Why Screenplays Are Evil

I’m going to admit something here. Up until recently, I thought screenplays were just directions. Yes, directions, not stories. “How could they be stories?” I subconsciously reasoned. “They’re just directions for the director of the film to turn into a story, but they aren’t actually a story, right?” See, even though I didn’t consciously decide the screenplays weren’t stories, I nevertheless viewed them as such. I simply viewed them, as I’ve said, as directions.

Boy, was I wrong. I finished reading a screenplay recently, and all my misconceptions were blown away. No longer were screenplays just a list of directions–they were stories. And not just incomplete, vague ones either. They were just as much a story as any novel I’d read.

Before I read a screenplay, I distinguished between the movie and the screenplay. I know, I haven’t directed any movies, but I would guess that there is some level of truth to that. The screenplay is portrayed visually in the finished film. There is a difference between the two. But that doesn’t mean that the screenplay is any less a story than the film itself. The screenplay is a story in and of itself–though it is a different format. Different techniques are used, different ways of developing characters and creating tension. That’s all true, but that’s part of the wonder that I experienced while reading this screenplay.

It was a different art form that accomplished the same goal I try to accomplish whenever I write a short story or a novel. That is, to tell a good story. As I read this screenplay, and as I’ve read different screenplays in the following days and weeks, I’ve marveled at the skill of the screenwriter to take the reader on a journey, just as I’ve marveled so many times before at the skill of a novelist doing the same.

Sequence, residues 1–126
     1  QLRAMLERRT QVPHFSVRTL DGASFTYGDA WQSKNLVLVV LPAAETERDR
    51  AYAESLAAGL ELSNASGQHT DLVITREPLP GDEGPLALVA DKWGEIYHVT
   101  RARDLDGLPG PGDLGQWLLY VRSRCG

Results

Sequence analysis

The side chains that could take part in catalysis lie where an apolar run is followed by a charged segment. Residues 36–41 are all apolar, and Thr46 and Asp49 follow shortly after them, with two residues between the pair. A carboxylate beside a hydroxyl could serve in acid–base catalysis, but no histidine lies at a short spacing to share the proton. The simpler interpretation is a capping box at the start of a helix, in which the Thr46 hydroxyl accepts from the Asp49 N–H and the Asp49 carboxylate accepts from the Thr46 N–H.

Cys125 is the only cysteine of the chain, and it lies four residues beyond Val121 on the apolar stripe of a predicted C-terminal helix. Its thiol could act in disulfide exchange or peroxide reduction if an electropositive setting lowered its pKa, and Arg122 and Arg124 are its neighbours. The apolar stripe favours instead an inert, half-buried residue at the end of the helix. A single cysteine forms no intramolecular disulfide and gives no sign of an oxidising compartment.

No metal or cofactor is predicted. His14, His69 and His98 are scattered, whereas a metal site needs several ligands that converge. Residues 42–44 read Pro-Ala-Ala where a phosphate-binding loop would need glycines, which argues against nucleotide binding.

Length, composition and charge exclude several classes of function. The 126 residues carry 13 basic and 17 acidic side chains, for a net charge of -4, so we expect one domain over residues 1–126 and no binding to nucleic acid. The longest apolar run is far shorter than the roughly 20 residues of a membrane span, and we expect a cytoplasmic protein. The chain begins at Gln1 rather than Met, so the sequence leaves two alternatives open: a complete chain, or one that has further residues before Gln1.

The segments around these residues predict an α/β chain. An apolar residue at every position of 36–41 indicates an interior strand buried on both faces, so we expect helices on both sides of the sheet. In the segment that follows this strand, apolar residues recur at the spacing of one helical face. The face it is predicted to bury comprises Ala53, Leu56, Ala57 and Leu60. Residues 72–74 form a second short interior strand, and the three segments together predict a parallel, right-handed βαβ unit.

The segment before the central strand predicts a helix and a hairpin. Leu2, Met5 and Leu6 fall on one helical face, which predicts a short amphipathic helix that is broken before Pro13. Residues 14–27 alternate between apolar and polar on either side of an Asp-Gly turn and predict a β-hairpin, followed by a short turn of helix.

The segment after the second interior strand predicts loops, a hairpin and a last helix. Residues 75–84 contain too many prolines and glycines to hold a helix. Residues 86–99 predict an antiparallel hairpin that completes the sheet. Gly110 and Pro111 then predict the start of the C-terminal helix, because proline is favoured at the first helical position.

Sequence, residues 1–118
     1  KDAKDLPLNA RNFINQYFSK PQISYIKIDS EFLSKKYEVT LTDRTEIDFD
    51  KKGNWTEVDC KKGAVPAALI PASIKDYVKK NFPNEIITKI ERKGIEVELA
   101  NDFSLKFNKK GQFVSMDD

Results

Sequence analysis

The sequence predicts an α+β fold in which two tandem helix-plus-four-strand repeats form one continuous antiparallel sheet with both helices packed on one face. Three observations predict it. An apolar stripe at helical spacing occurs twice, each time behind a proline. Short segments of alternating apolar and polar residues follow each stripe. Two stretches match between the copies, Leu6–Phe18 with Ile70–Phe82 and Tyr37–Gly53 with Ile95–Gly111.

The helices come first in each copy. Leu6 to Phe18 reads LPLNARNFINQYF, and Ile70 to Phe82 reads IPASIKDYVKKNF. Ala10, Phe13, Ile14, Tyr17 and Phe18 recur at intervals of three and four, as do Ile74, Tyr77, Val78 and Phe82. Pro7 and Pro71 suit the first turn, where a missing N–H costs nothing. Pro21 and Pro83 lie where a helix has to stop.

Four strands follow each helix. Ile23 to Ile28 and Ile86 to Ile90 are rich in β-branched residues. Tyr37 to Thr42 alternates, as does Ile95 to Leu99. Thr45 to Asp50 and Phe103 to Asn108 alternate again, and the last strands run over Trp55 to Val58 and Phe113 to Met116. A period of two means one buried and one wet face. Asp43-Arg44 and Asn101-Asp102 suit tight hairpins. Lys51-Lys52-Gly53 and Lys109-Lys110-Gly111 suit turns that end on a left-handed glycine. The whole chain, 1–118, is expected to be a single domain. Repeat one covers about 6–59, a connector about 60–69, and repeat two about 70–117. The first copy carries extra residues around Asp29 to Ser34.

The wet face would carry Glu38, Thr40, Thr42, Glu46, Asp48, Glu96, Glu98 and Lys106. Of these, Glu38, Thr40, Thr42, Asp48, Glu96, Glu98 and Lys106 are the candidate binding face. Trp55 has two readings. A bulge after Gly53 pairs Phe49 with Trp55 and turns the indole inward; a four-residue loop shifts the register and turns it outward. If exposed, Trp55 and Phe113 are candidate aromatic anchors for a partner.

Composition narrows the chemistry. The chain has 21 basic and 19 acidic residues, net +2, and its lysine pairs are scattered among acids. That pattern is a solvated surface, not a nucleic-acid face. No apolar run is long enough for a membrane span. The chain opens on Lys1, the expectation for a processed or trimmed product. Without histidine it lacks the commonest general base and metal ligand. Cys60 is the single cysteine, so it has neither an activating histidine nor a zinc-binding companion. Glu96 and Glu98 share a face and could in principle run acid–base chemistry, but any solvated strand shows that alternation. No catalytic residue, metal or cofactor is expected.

The point I’m making is simple: I’m suggesting that you should read some screenplays. I’ve learned from reading them, and I’m sure I’ll continue to learn as I read more of them.

Different art forms have taught me, and continue to teach me, different things. To list just a few of the things I’ve learned from them: poetry has taught me the value of a really good allegory. Paintings have repeatedly shown me how important a well-described scene is. Screenplays have reinforced in me the value of clarity, and the power of dialog.

Art forms other than novels have taught me much of what I employ when I’m writing my novels. And this discovery of screenplays has reminded me of something important–stories are stories. And stories–no matter the format–can teach me important lessons.

My suggestion then, simply, is this. If you have some spare time, read a screenplay or two. You might learn something. I know I certainly did.


2 thoughts on “Why Screenplays Are Evil

  1. Hi, If you have not, try reading “Save The Cat” by Blake Snyder. He writes entirely about writing screen plays, with very precise instructions on what goes where. And, guess what, the same structure works perfectly for movies, as well. Thank you, Silent


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